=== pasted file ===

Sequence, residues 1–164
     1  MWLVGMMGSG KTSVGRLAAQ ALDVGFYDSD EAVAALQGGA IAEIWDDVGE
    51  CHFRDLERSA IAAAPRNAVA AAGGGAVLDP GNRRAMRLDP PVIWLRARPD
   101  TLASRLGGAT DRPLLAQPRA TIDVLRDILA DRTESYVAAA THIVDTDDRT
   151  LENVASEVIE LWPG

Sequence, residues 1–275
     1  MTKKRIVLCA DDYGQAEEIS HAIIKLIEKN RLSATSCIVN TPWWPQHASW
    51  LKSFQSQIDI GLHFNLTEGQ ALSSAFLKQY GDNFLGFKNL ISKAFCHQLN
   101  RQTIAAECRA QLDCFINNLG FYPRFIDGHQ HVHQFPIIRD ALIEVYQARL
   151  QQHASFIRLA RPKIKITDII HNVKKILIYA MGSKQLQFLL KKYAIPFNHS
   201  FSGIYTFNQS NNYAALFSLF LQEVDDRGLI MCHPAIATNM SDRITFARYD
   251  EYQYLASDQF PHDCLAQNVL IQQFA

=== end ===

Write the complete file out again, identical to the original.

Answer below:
Sequence, residues 1–164
     1  MWLVGMMGSG KTSVGRLAAQ ALDVGFYDSD EAVAALQGGA IAEIWDDVGE
    51  CHFRDLERSA IAAAPRNAVA AAGGGAVLDP GNRRAMRLDP PVIWLRARPD
   101  TLASRLGGAT DRPLLAQPRA TIDVLRDILA DRTESYVAAA THIVDTDDRT
   151  LENVASEVIE LWPG

Sequence, residues 1–275
     1  MTKKRIVLCA DDYGQAEEIS HAIIKLIEKN RLSATSCIVN TPWWPQHASW
    51  LKSFQSQIDI GLHFNLTEGQ ALSSAFLKQY GDNFLGFKNL ISKAFCHQLN
   101  RQTIAAECRA QLDCFINNLG FYPRFIDGHQ HVHQFPIIRD ALIEVYQARL
   151  QQHASFIRLA RPKIKITDII HNVKKILIYA MGSKQLQFLL KKYAIPFNHS
   201  FSGIYTFNQS NNYAALFSLF LQEVDDRGLI MCHPAIATNM SDRITFARYD
   251  EYQYLASDQF PHDCLAQNVL IQQFA